Friday, February 12, 2010
CALL FOR PANEL PRESENTATIONS
The Cold War and Music Study Groups
Evening panel and discussion session
AMS Annual Meeting 2010, Indianapolis
The Cold War Sensorium: Sound, Affect, Politics
The archive of Cold War history is marked by emotionally charged rhetoric. Phrases like “the Red Scare” and “the Age of Anxiety” suggest an historical present shot through with crisis ordinariness—a longue durée of negative affect coursing through bodies politic. Other Cold War tropes—the threat of mutually assured nuclear destruction, homosexual suspicion, and the culture of feminine sentimentality—locate daily life as a site for the negotiation of politics, intimacy, and mortal danger. Air raid drills, political rallies, and protests, too, were defined by sonic presence, affective intensity, and political engagement.
This panel invites scholars to consider the role of sound and affect in such scenes of crisis. Panelists might consider how Cold War era events were marked by aesthetic response, how sound enabled the production of politicized emotion, or what sort of soundscapes musical performances, improvisations, recordings, and compositions delineated. The panel does not seek to assert the hegemony of political anxieties and negative affects, but will hopefully provide alternate ways of articulating how sounds were heard and felt in the postwar decades. Papers might also question how a focus on ordinary events as well as their sonic and affective environments afford a view of Cold War culture that is less totalizing and more locally descriptive.
Please send short proposals (.doc or .pdf) of no more than 250 words to coldwarpanel2010 at gmail dot com by March 1st.
Thursday, December 3, 2009
I was delighted to see so many papers on topics related to music and the Cold War at this year’s AMS meeting—far more, it seemed to me—than in previous years. In addition to the Cold War and Music Study Group panel, there was a full session dedicated to “Reds.” Also scattered throughout the program were papers dealing with themes at least indirectly related to Cold War culture: postmodernism, musical borrowing and appropriation, film music, opera, and American experimental music. And even if they did not deal with the Cold War (directly or indirectly), a number of other presentations examined music written and performed during the Cold War period.
I confess: at times I need to remind myself not to equate post-1945 topics with Cold War topics. Nonetheless, is it possible to draw a meaningful distinction between studying “the Cold War and Music” and simply music that happened to be composed or performed during the Cold War? Indeed, the Cold War and Music Study Group has defined its work quite generally; according to its original mission statement (found on its original website),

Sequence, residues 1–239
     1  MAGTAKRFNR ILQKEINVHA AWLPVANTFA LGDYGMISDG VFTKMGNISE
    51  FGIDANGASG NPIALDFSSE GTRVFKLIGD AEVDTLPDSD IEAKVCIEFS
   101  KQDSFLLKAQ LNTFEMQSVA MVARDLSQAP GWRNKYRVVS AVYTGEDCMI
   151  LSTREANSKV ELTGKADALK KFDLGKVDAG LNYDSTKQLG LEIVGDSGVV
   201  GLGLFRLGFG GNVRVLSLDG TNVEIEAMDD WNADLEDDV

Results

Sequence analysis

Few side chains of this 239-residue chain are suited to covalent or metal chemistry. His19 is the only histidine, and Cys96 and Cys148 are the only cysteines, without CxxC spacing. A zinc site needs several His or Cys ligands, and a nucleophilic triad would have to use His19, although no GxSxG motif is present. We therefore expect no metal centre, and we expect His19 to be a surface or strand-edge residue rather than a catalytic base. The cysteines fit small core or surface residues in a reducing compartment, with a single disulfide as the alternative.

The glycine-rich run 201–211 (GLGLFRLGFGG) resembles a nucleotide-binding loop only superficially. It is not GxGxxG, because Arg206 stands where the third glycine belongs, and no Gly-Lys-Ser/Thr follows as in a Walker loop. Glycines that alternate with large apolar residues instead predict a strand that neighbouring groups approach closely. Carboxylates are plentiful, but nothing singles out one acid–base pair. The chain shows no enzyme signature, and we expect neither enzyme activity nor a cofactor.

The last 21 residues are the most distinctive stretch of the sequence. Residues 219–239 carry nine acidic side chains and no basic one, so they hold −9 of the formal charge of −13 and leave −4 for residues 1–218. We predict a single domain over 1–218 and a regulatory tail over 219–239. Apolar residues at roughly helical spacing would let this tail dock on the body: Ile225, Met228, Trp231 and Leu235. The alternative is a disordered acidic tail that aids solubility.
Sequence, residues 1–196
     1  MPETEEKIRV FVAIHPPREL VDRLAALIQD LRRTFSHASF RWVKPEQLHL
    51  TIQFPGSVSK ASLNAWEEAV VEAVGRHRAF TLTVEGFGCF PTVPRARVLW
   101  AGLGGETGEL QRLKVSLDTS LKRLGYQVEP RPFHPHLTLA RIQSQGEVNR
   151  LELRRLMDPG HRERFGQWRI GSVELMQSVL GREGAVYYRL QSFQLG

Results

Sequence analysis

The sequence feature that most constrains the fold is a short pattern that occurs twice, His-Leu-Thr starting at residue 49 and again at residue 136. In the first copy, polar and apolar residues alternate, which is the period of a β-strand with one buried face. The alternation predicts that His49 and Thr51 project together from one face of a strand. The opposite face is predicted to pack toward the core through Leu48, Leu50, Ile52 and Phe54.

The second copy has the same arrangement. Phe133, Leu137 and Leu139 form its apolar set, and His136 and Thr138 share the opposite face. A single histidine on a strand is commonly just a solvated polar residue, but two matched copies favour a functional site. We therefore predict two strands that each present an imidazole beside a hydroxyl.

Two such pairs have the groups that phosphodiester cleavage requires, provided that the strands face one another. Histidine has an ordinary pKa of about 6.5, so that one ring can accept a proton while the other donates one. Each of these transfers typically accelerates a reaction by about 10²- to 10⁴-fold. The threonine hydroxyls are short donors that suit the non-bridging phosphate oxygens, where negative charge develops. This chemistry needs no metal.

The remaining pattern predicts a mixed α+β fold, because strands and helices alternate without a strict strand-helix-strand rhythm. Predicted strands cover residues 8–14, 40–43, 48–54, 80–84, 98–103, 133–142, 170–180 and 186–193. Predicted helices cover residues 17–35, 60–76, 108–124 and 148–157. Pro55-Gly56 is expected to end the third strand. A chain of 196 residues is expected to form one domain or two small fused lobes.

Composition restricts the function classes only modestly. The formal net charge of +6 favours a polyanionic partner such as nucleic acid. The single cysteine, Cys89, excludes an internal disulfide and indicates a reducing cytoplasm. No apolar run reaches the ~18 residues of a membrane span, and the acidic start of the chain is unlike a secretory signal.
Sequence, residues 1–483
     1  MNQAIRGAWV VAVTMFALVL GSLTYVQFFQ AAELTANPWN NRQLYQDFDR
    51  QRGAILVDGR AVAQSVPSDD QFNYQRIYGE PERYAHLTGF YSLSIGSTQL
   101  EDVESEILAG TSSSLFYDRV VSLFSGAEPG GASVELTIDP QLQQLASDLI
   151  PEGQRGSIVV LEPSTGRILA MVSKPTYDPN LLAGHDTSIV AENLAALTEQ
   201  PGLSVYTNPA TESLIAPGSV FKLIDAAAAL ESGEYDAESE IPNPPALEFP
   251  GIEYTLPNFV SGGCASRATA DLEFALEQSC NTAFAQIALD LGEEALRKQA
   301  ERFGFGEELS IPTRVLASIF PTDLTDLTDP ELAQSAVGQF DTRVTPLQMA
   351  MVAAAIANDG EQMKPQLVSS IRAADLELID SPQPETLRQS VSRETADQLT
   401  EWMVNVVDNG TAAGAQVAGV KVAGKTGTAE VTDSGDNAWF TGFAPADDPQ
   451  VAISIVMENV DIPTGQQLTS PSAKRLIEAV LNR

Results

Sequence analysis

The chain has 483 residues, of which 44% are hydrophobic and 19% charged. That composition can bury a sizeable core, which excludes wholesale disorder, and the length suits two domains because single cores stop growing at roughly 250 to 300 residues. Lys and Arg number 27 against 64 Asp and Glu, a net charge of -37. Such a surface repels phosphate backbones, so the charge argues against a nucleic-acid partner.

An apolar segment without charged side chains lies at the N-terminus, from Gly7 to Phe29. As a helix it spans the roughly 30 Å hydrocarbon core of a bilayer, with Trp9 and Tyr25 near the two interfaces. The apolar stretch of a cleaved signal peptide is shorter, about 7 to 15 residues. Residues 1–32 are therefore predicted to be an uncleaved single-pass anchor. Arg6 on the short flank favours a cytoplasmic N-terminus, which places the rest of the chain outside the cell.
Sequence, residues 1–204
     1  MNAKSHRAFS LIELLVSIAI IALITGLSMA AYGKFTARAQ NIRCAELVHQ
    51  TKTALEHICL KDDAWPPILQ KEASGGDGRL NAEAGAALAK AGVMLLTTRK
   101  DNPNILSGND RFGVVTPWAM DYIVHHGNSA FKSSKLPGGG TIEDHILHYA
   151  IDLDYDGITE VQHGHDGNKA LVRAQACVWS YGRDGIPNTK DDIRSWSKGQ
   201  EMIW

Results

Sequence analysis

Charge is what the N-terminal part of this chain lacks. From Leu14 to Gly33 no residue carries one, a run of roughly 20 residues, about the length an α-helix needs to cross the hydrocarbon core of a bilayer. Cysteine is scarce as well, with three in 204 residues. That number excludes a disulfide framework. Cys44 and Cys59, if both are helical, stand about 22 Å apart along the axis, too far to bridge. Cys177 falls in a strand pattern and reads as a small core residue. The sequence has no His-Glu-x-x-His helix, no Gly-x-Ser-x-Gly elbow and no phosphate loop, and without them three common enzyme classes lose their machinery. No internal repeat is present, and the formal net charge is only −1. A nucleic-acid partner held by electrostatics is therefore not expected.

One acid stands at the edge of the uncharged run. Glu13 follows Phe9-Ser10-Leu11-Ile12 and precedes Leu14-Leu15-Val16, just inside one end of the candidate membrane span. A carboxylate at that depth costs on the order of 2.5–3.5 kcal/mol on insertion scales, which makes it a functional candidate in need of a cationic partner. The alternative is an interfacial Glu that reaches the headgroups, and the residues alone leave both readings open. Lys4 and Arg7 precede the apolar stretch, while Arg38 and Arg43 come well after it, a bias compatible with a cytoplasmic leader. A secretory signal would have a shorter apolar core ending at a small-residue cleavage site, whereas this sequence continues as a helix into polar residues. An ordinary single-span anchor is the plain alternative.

Topics that fall under the rubric of the “Cold War and Music” include, but are not limited to: music composed under the encouragement of governmental or non-governmental agencies that explicitly engaged with the ideological issues of the Cold War… musical styles that tacitly or implicitly engaged with the social, political, or economic issues of the Cold War… as well as music that was produced outside of either the United States or the U.S.S.R., but was nonetheless involved with political or social issues emanating from those superpowers… Music both “high” and “low,” “art” and “popular,” “cultivated” and “vernacular,” is open to discussion. The period of the Cold War is generally considered to extend from 1945-1991, though material from either the pre-Cold War or post-Cold War period that engages with the central issues of the Cold War and the arts is welcome. Issues of aesthetics, signification, representation, politics, economics, historiography, and biography are only some of the possible avenues for further discussion and research, while a wide range of methodologies are encouraged, including musical analysis, archival research, and hermeneutic, ethnomusicological, and oral-historical approaches.
In light of this rather broad definition of the “Cold War and Music,” it should not be surprising that most recent research has focused more on the what of Cold War music than the how of research methodologies. The diversity of Cold War research was in part what inspired this year’s topic for the Cold War and Music Study Group panel, “Music Historiography in Cold War Contexts.” The principal aim of the panel was to offer a forum for discussing the broader historiographical, methodological, and ethical issues that scholars on Cold War music face. Over the course of the session, a number of general themes and questions emerged:
1. Most Cold War scholarship linking music with the global political climate has focused on the U.S./Soviet polarity. Tamara Levitz questioned this model at the CWMSG session two years ago, and the matter emerged again at this year’s panel. As Heather Wiebe pointed out in her presentation, less attention has been paid to the relationship between post-1945 musical development and the decline of British (and, I would add, French) imperialism. What implications does this more complicated international picture have for musicological research on both the developed and developing world?
2. Lee Bidgood, Wiebe, Elaine Kelly, and Hon-Lun Yang all discussed various forms of musical appropriation and resignification: Czech bluegrass, Benjamin Britten’s interest in Asian music, canonic reception in the GDR, and the celebration of western classical masters in China. (Lisa Jakelski and Beate Kutschke examined similar issues in the session “Looking Forward, Looking Back.”) What connections, if any, might exist between the appropriation of the foreign and the appropriation of the past (real or imagined)? How might we balance an inquiry into the general phenomenon of postwar musical borrowing with an approach that situates borrowing practices within a specific political, cultural, and even biographical context?